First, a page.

Recording of the Week BIS and the Sibelius Edition
The new Sibelius Edition on Swedish record label BIS is quickly turning into one of the finest discographies of any composer ever made. In the past Philips were of course famous for their complete Mozart Edition, and DG for their Complete Beethoven Edition, but both of these notable achievements pale into the shadows when compared to the treatment that Sibelius is receiving from BIS.
The label BIS was founded by Robert von Bahr back in 1973 and ever since then it has been one of his dreams to record every note which the great composer wrote. Since the mid 1980s they have released a steady flow of recordings featuring everything from the most popular (such as symphonies and violin concerto) to the very rare, previously unrecorded gems. And in 2007, to mark the 50th anniversary of the Sibelius's death, they began repackaging these into a new series of 13 volumes spread over 65 discs which, when complete, will contain the composer's complete output. The series, being drawn mainly but not exclusively from previously recorded material, has just past the halfway point – having recently reached Volume 7, and as we’ve just started a 25% off BIS special offer it seemed a good moment to mention it.
I hold Robert von Bahr and his label in the highest regard. The sound quality of their recordings is consistently superb, and they only make recordings where they feel they have something new to say. As a result they generally steer clear of the major repertoire and concentrate on less well-known works and composers – people like Martinu, Nielsen, Leifs, Skalkottas and Holmboe for example. When they do go more mainstream it is normally with quite stunning results - Osmo Vänskä’s Beethoven cycle with Minnesota, and Suzuki’s ongoing Bach Cantata cycle being two of the more recent obvious examples.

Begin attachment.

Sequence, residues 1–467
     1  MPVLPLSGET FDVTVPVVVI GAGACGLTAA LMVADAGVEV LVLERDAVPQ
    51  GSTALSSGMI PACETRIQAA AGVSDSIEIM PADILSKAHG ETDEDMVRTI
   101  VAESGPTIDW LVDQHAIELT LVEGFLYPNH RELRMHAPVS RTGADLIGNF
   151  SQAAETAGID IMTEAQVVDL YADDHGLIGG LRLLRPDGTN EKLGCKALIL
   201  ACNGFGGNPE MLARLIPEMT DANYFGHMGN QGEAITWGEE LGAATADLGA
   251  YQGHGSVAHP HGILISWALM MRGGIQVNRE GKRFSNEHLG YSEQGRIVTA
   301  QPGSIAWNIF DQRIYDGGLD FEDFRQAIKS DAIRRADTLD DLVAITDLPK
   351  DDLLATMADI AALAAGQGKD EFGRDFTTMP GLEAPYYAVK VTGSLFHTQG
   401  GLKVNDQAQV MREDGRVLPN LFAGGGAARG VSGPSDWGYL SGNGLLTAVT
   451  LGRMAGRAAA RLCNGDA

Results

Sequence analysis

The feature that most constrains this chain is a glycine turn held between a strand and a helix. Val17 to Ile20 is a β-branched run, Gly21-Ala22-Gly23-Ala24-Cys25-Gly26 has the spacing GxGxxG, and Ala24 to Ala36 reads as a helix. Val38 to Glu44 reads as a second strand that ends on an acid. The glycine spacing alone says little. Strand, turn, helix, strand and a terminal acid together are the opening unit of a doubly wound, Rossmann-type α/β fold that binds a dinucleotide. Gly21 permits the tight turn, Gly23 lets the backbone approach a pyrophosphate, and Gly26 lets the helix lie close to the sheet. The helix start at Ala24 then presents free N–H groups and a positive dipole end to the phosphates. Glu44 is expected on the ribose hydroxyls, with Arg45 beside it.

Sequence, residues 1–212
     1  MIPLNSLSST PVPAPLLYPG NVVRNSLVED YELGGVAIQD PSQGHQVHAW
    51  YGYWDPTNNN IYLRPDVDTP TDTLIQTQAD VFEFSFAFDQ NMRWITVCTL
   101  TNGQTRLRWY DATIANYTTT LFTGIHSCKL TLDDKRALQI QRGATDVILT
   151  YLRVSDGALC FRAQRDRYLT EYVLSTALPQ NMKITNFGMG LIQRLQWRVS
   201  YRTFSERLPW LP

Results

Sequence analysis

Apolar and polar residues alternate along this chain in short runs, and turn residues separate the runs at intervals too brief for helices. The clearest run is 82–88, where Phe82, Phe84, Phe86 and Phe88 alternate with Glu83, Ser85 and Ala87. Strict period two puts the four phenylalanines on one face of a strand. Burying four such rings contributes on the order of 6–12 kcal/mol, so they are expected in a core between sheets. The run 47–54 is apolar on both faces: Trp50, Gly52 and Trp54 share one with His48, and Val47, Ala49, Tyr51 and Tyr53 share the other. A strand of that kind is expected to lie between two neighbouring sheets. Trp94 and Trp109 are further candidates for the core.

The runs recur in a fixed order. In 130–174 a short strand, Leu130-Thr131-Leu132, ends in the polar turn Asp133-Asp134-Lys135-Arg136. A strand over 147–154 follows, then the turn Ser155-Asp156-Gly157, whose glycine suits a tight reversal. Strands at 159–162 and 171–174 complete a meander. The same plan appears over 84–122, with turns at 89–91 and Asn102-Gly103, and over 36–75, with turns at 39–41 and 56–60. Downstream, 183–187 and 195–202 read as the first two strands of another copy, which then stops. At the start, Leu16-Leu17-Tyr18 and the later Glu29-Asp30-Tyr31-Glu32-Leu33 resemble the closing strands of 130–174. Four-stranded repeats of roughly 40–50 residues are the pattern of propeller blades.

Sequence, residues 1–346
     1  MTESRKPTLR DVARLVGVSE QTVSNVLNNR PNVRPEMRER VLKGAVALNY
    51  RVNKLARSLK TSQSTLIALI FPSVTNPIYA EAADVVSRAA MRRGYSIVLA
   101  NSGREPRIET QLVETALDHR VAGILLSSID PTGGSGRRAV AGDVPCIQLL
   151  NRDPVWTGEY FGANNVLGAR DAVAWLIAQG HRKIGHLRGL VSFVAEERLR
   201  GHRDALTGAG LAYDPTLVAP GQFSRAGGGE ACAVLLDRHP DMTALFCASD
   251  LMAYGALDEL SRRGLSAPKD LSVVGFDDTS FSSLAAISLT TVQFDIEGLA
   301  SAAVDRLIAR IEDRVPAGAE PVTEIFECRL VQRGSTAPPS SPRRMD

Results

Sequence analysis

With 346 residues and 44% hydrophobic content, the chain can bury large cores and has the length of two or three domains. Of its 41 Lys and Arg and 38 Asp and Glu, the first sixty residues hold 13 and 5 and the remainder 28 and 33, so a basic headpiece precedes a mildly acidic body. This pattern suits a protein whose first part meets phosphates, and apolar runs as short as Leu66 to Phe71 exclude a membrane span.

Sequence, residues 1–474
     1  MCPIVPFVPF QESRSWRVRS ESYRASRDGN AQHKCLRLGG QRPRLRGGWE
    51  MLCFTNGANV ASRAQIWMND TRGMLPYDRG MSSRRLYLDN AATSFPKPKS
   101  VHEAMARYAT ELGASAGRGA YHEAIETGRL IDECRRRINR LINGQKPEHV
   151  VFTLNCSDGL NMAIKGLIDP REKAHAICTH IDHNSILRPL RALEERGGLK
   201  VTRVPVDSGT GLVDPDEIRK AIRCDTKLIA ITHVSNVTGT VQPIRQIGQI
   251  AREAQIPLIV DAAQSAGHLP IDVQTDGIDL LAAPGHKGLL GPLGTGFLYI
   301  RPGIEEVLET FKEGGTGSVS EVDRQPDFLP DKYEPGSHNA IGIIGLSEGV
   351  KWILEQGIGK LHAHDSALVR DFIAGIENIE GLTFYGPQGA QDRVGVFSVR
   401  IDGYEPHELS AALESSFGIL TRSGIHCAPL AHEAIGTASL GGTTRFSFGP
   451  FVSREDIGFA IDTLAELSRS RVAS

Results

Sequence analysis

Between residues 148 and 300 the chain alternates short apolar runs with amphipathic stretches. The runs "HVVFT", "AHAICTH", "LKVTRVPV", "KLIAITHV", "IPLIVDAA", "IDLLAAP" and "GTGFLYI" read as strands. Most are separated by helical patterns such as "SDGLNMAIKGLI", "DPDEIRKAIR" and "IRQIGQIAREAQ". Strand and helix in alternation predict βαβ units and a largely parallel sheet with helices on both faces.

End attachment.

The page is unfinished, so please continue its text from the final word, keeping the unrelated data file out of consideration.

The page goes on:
In matters of sound quality BIS have always been pushing the boundaries. Many of Neeme Järvi's Sibelius recordings for example released back in the 1980s came with a big red ‘WARNING’ notice on the front, and a explanation on the back that read:
“Contrary to established practice this recording retains the staggering dynamics of the ORIGINAL performance. This may damage your loudspeakers, but given first-rate playback equipment you are guaranteed a truly remarkable musical and audio experience. Good luck”
Although this seems at first somewhat over the top, I think too many recordings these days fall into the ‘mezzo-piano to mezzo forte only’ range, which of course is essential if you want to listen to it in the car or have it on in the background whilst doing something else. But if you want to sit down and listen to a work as you might hear it in the concert hall (and incidentally as the composer actually wrote it), ranging from the quietist barely audible pianissimo to the loudest almost ear-ringing fortissimo, then that is a completely different experience, and BIS is definitely the label for you.
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